Almost everybody knows what to do after a bad fight with their spouses. Sometimes, it even comes naturally. You say sorry. You embrace each other. You make love. What’s not often talked about is what you shouldn’t do after an argument. This matter is equally crucial because stepping on it can make the conflict worse before it even gets fixed. Avoid these things when making up with your spouse:
Pretending it never happened
Fights are painful. Some words shouldn’t have been said. There might have been issues that shouldn’t have been brought up. Surely, there’s someone who was hurt in the process. So some people tend to sweep the conflict under the rug to avoid revisiting that hurt or taking responsibility for the pain they caused the other. Never, ever do that. If you dodge the pain, the anger and resentment will only take root and grow in your heart. Eventually, you’ll find it resurfacing again when another future fight breaks out again.
On the other hand, if you don’t take responsibility for the hurt you inflicted, you’re all the more likely to commit the same mistake again. The principle is, acknowledge that there was something wrong in the relationship. Pinpoint that shortcomings and mistakes. Don’t kiss and make up unless you recognize the elephant in the room.
Sharing your pain online
Indeed, you can virtually post anything you want on your social media. It’s your space, after all. But that shouldn’t include your fights with your husband or wife. It’s understandable that you want to make your Facebook your diary so you can have an outlet for the negative feelings, and admit it, get sympathy from others. Yes, this can be helpful, perhaps therapeutic for you — but it won’t be for your relationship. According toexperts in marriage counseling in Broomfield, this move will only worsen the conflict between partners, because it will substantially damage trust. Think about it, you’re putting very personal things about your relationship, about your spouse, out there, for all to see, for some to ridicule and mock. If you want to get the unpleasant feelings out, talk to a trusted friend. See a therapist. Ultimately, let it out on your partner. Take turns in releasing the anger and pain.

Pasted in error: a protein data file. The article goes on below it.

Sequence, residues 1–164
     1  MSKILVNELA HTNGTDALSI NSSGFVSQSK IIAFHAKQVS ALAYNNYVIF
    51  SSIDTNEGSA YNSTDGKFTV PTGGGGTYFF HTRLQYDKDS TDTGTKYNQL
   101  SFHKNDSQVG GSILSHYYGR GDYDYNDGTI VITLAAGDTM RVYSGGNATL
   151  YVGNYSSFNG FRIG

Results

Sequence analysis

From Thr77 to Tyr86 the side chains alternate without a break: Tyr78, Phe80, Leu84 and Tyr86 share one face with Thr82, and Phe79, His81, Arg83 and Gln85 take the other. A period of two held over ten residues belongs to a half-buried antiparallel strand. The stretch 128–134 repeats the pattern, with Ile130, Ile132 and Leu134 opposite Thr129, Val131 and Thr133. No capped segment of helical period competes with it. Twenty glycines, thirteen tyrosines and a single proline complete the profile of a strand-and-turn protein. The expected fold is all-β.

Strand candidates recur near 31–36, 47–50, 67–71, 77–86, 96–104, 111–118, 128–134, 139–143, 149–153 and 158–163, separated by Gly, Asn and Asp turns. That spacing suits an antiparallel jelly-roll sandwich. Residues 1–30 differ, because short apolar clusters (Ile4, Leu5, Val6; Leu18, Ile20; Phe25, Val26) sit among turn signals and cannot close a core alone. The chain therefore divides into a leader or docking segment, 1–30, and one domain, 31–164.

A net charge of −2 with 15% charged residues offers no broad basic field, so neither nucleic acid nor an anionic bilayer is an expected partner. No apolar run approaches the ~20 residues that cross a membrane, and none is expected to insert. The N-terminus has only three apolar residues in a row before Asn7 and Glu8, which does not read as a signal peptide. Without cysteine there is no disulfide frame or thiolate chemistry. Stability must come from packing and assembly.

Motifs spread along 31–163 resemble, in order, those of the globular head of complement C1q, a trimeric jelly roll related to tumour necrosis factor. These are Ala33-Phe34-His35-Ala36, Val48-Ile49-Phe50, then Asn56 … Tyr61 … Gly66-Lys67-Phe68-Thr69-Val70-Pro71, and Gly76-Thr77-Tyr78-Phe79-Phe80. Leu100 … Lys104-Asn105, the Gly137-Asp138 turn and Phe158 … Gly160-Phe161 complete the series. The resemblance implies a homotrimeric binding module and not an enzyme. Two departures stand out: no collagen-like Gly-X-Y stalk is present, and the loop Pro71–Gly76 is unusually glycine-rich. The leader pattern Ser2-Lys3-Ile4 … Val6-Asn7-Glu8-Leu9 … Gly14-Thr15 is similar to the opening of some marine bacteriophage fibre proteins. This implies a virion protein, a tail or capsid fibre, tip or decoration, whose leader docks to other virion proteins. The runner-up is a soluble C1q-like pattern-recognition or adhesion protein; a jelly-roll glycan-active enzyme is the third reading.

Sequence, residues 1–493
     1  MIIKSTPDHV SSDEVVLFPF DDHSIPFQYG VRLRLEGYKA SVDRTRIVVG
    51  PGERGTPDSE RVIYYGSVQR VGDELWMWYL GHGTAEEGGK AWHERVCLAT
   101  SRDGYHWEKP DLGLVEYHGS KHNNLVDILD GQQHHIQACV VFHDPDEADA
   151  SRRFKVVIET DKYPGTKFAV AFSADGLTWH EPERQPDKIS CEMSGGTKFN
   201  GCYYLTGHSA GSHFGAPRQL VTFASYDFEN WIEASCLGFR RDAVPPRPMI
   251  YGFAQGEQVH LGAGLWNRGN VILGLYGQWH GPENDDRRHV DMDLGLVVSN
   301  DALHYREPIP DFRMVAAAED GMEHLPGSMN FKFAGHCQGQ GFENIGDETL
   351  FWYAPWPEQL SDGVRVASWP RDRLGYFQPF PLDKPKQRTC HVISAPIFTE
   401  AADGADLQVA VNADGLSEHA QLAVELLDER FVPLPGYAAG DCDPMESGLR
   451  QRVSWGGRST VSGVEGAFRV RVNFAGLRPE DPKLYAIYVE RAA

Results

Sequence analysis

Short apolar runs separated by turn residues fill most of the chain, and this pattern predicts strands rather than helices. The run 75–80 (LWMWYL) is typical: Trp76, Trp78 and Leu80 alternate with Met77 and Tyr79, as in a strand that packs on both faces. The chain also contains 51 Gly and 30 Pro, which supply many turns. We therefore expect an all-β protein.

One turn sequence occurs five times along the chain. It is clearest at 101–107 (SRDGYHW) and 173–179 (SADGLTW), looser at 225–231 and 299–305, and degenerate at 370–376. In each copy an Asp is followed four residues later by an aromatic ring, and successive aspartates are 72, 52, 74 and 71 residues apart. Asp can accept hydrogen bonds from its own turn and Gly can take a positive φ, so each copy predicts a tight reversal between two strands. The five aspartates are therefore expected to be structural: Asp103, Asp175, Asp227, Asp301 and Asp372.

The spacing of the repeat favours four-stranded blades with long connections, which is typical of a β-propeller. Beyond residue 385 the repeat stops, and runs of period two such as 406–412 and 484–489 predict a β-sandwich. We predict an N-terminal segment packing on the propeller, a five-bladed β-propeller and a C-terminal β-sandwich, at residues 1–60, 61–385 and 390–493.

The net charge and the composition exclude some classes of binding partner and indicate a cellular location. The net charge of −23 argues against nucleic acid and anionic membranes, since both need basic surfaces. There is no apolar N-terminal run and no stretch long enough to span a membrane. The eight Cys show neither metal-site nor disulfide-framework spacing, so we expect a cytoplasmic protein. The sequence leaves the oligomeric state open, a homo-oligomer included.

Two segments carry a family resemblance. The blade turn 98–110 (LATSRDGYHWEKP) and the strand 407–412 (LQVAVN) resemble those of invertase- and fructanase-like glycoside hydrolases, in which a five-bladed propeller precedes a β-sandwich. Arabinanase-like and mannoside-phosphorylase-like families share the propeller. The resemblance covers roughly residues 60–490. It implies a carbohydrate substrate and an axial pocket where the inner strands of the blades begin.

Allowing too much time to pass before reconnecting
One of the golden rules in conflict management in a relationship is to take time to cool off. To let the heat of the moment subside. But one of the fatal mistakes couples make, on the flip side, is prolonging that time off. When you allow too much time to pass before resolving things, it can result in you being all the more angry towards each other. You’re letting pain fester, without resolving it, so what do you expect? And even if you don’t necessarily get mad, you will surely feel numb. That’s worse than anger, mind you. When you don’t feel anything at all for your partner, it will quickly slide into thoughts of divorce over time. So yes, take a break to cool off, but make an effort to reconnect and patch things up immediately.
The Nasty Fight Aftermath
What you do after a terrible argument can make or break your relationship. If you want to keep your marriage strong, you want to avoid this faux pas.